The degree of humor we find in any given situation is directly proportionate to our distance from the action.
I have observed this on many occasions over the years, and the more I stop to consider it, the more I am convinced that there is probably some mathematical formula that would show the correlation between humor and distance.
Recently, a friend told me a bat story.
I must confess that I laughed a bit as she told me how she locked the bat in the basement, and waited for her boyfriend to borrow a net from a neighbor and descend into the cellar in search of the intruder.
I gather from her comments that the boyfriend was not overly enthusiastic about his mission.
After hearing about this, another friend shared his bat story.
During his college days, a bat came to visit him in his apartment.
In a panic, he called his girlfriend, who was attending college in another city, and told her about it.
Her response, although she used slightly more colorful language, was something along the lines of, “What do you expect me to do about it?”
My friend locked himself in his room until the “bat guy” arrived the next day to escort the bat off of the premises.
I have no trouble at all seeing the humor in these situations.
On the other hand, I did not find it nearly so funny when I had bats in my own house several years ago.
Bears and other large creatures don’t bother me. I can see them coming, and they generally mind their own business.
Bats, on the other hand, creep me out. I understand they play an important role in the food chain, but I find their presence extremely disquieting, and I definitely don’t want them in my house.
It is hilarious to hear someone else’s bat stories. We can see the humor because there is distance between us and the situation. We are not the ones schlepping a net down to the cellar to look for a creature that we hope never to meet.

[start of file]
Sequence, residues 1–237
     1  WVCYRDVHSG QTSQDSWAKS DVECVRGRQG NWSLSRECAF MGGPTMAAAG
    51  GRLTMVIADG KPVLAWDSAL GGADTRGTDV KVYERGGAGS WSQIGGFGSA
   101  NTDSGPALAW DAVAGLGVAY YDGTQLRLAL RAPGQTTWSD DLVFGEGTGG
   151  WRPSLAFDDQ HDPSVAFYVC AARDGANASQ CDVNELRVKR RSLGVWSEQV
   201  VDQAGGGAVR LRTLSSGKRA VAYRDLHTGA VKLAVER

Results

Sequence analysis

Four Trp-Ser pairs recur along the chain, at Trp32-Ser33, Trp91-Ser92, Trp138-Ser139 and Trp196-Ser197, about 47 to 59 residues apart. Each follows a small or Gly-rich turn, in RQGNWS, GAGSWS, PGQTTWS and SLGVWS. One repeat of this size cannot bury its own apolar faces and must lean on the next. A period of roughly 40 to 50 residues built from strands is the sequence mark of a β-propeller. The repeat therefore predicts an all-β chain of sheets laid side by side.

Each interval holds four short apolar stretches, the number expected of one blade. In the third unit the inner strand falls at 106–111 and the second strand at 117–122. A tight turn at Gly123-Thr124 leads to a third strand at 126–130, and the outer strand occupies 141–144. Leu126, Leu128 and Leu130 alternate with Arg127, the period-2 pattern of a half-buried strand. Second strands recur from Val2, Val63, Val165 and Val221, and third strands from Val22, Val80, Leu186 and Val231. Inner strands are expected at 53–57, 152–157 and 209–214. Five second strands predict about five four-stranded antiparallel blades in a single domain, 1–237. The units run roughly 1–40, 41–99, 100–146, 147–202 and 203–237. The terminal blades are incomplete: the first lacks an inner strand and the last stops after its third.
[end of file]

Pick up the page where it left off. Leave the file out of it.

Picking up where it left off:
The same principle applies to other situations as well.
Take hangovers, for instance. Naturally one would not advocate over-indulging in alcohol, but many of us, at one time or another, have had the experience.
So when a co-worker drags herself to the office bleary-eyed and looking a bit disheveled, we can see the funny side of it.
There is an element of shared human experience in the situation.
We laugh, not because it is funny that the person consumed one more adult beverage than was absolutely necessary. We laugh because we are so glad that it isn’t us.
There is nothing even remotely funny about a hangover when it is one’s own. When one wakes up with a mouth like the Kalahari on a warm afternoon, and a head that is ringing like the bells of Notre Dame, life takes on a decidedly dismal tone.
Humor is like that. It is often based on tragedy one step removed. We understand the experience, but we are isolated from the real pain or fear, or whatever unpleasantness the subject is facing.
When we see Mr. Laurel or Mr. Hardy fall off a ladder or get hit in the head with a brick, we laugh, but our sympathy is still with the unfortunate victim. There is a deep understanding for each of us that some days, no matter how hard we try, things just don’t go our way.
We can appreciate the misfortune of others, and we are secretly glad that, this time, it is not us getting hit in the head with the brick.
If a friend talks about abandoning her family and all that she holds dear to get a project out on time, I may laugh just a little. It is not because I enjoy her misery; it is because I understand.
That is just the way it is for those of us who live and die by deadlines. Life can be a bit like careening down a steep hill on a Gypsy cart with dodgy wheels and no brakes.
We sometimes have to turn our backs on the rest of the world to focus on the job at hand. We start early, burn the midnight oil, and work through holidays (both federal and the real ones), and we defy the sanctity of weekends to get the project out on time.
And, when we round the last turn and hit the last bump in the road, which sends us airborne as we break the ribbon of another finish line just ahead of the deadline, we have only that one brief moment to savor the sweet taste of success.
Then, the wheels come crashing back to earth, and we are off again, trying to hold the cart together as we continue our mad downhill rush, hurtling on toward the next deadline.
If we take a moment along the way to smile at our friends’ deadline woes, it is not out of meanness. We really do feel their pain.
Deadlines, like bats, hangovers, and so many of life’s other challenges, are much funnier when they are confronting someone else.